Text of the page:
We land in Guangzhou after a long thirteen hour flight from Amsterdam. It’s 6:30am and we don’t depart until 9:30pm tonight. Fortunately, as Australian passport holders we are among the nationals of some fifty countries who can enter Guangzhou visa-free for up to 72 hours if he hold a boarding pass or ticket for an onward flight. Our baggage has been checked through so all we need to do is walk to the customs counter, handover our passports and boarding passes, and obtain the necessary entry stamp into China.

I thought I would feel discombobulated at the sharp transition from Western Europe to China. Perhaps it’s a sign of the way I’ve adapted over the past few years of travel because I feel immediately at home. We easily navigate the metro into the city and find our way around without any hassles. It does help that Guangzhou is a tourist-friendly hub where signs are often written in both Chinese and English. But still, I would have anticipated some sense of momentary discomfort being in China. That said, we have now spent a lot of time in Asia and many things that we see, hear, smell and taste are consistent across Asia.

We take the Metro to Yuexiu Park and turn right out of the station to walk to Liuhuahu Park with its massive lakes. It’s Saturday morning. The perfect time to watch local Guangzhou residents socialising and practicing their hobbies. Tai chi seems to be a favourite. It brings back memories of my previous visit to China in 2009 when I would sit and watch the locals practice tai chi in Shanghai.

It’s not just tai chi that’s getting a run here though. Badminton and table tennis are also incredibly popular. Just as we have basketball courts, football fields and cricket pitches in Australia, Guangzhou has table tennis tables and badminton courts in the park. The matches look serious. Shuttlecocks and ping pong balls zoom through the air at barely perceptible speeds. No wonder the Chinese perform well in these sports at the Olympic Games given that this is just amateur hour on a Saturday morning. There’s plenty of ballroom dancers in the park too. They cha cha, rumba and waltz to music blaring from boom boxes of all shapes and styles. I feel happy just watching them. It’s like going to a dance concert for free in the park. And the dancers all look happy. The most captivating group, though, is the choir. It looks almost impromptu but obviously the group comes together here regularly. The choir mistress guides the singers through a long playlist written on large sheets of paper that she turns over as each song ends. Each time we pass the choir (for we do go back a few times), it grows in size and volume. One man near the back (off camera) is always the loudest. He has the biggest smile despite not having the most tuneful voice (to my ears).

The park isn’t just for organised recreation. It’s also a place of relaxation and beauty. People walk, play with their children and sleep in the park’s different “rooms”. There’s open areas, bonsai gardens, tall tree lined paths and pagodas. You just need to chose what you feel like experiencing or walk through the whole lot.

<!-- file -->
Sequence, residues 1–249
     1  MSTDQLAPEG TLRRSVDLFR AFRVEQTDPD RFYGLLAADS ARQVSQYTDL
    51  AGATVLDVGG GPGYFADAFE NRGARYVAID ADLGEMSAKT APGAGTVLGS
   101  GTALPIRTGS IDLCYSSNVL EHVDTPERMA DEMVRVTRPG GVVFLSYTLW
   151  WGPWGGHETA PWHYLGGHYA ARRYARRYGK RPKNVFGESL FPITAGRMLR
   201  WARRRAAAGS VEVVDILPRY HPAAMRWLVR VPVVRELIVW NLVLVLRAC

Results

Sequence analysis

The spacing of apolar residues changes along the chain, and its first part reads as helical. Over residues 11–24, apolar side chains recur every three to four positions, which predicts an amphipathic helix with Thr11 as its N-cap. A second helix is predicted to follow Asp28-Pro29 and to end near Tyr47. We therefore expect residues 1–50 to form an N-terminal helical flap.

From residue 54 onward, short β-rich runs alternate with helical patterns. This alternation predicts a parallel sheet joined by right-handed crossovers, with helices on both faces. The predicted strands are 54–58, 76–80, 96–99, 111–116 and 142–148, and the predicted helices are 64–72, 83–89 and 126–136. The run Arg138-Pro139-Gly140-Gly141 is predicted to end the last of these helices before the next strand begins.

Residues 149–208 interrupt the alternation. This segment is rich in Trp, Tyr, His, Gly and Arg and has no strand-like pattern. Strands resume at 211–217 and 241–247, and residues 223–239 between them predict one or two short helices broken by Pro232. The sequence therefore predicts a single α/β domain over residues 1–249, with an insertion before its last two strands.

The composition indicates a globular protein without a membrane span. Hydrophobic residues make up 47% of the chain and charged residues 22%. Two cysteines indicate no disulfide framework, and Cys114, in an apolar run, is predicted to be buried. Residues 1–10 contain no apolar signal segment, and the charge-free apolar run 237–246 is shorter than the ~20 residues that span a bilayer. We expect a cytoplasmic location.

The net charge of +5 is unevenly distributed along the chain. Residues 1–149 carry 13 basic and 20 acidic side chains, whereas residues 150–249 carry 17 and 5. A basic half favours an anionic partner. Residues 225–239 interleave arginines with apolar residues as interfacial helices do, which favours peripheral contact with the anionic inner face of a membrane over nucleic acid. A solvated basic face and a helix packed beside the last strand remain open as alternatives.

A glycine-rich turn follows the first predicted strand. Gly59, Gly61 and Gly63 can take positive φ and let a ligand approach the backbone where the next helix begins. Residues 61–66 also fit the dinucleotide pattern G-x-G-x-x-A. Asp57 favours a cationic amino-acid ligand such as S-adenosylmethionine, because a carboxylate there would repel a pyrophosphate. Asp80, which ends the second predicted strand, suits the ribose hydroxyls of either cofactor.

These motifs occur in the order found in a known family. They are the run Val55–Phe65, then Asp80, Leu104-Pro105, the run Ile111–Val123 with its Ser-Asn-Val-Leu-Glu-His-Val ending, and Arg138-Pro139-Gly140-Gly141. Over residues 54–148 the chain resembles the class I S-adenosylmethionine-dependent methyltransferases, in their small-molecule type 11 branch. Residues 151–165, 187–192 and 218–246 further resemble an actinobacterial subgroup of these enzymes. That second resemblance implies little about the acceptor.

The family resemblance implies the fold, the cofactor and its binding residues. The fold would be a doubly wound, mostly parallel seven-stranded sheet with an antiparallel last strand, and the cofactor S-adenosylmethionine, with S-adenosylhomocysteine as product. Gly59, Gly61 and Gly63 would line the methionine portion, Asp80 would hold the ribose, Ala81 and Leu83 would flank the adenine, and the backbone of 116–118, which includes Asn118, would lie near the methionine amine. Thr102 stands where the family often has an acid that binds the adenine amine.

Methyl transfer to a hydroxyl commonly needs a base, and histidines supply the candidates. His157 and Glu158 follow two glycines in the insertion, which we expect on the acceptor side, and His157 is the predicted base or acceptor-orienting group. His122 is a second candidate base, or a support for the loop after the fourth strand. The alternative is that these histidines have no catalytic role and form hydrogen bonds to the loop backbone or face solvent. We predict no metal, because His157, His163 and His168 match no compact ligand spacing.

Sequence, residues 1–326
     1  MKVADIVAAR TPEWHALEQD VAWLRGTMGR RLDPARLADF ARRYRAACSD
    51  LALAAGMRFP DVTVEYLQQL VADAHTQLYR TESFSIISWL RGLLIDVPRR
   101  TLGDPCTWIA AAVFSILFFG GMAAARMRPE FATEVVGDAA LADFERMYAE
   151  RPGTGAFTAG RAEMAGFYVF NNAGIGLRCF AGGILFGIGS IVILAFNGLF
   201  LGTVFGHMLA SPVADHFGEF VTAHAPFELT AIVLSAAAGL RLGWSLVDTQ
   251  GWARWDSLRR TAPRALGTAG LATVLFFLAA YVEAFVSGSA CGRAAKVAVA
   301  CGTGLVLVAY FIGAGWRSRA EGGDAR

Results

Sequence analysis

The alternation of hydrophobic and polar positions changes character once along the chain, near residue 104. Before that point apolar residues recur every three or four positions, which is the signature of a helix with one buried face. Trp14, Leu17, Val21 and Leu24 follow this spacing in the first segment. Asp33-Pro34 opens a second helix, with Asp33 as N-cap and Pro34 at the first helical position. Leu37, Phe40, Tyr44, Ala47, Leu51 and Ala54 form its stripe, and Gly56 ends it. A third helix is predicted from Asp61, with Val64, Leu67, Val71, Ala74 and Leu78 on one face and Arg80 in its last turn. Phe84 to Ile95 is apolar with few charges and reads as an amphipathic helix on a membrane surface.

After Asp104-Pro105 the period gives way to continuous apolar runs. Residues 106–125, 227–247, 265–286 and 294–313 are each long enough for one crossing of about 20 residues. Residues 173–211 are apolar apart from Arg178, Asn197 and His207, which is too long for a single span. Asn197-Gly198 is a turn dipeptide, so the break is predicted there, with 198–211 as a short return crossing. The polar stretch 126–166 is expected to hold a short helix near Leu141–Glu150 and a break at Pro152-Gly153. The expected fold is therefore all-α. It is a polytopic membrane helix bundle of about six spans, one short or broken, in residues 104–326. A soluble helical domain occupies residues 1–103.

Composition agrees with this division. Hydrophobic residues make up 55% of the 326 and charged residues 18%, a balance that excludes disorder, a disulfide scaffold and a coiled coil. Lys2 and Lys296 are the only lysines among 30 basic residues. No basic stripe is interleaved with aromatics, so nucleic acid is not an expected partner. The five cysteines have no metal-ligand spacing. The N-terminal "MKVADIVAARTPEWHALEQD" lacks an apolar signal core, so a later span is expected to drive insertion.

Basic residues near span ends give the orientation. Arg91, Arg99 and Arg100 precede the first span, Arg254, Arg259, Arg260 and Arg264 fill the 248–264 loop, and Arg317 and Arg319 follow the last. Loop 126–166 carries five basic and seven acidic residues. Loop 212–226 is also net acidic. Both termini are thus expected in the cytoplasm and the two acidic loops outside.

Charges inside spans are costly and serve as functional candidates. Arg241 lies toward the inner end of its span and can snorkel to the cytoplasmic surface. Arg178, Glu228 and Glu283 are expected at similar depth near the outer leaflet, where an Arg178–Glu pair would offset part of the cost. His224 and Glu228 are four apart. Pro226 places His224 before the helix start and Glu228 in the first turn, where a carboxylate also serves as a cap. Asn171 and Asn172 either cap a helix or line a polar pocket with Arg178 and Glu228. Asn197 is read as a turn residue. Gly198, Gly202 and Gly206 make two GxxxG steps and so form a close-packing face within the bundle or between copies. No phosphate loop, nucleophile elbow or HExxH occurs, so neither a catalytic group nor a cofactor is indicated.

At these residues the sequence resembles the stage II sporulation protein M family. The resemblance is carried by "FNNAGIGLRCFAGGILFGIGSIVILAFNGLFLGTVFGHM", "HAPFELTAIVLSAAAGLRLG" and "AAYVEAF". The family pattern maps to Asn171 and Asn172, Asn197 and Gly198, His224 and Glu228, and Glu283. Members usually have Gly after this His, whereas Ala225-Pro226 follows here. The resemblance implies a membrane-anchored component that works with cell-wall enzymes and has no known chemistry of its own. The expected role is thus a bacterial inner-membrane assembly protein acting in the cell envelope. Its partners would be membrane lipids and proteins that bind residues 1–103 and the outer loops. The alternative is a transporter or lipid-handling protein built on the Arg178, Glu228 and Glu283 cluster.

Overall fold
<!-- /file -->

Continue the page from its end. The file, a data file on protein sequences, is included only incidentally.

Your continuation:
Half the park is closed during our visit in preparation of the Lunar New Year celebrations later in the month but still there’s enough here to keep us occupied for about four hours.

We retrace our steps to the Metro and travel into the heart of Guangzhou, changing lines to travel to Beijing Road Station. Beijing Road is the main shopping and pedestrian street in Guangzhou. It’s busy but calm. And it’s where life takes place. Tourist buses mingle with motorcyclists carrying heavy loads. Shoppers mingle with tourists. Traditional eateries meet Starbucks.

We start with lunch at a small restaurant packed with Chinese people. It is just one of a small row of restaurants in a lane way of Beijing Road. We chose it because there’s not a seat nor white tourist in the house. That’s always a good sign. There’s a large menu but a small selection of items are described in English on a wall in the back of the shop. A table leaves as we order. The food is delicious. And at $3-4 a serve it’s also easy on the wallet. We eat and watch the goings on around us.

Beijing Road turns out to be a good choice. We walk around just watching people, taking in the lanterns and posing for pictures with the statues. The Astro Boy is in front of a whole shop dedicated to the cartoon series. Children laugh and play in the mall. Parents talk together. Elderly men and women sit watching. There’s a few touts trying to sell tourists fake Rolex but for the most part we are left alone to wander.

The Big Buddha Temple is a stark contrast to the city around it. It’s old (900CE from memory) and peaceful. We have arrived for a prayer festival but still can walk around to experience the grandeur. It’s different from the Buddhist temples in Thailand and Cambodia. It’s less gaudy in decoration being mostly wood and stone, rather than bright gold and mosaics. That said, there’s still incense sticks (you may not light them in the temple though – they have to be burned in a specific area off to one side). We love temples so this is a good find.

By the time we get to Gongyuanqian Station we are quite tired. We only manage a short foray into the People’s Park with it’s pretty flowers, tai chi, badminton, music and dancers. We decide to catch the Metro straight back to the airport

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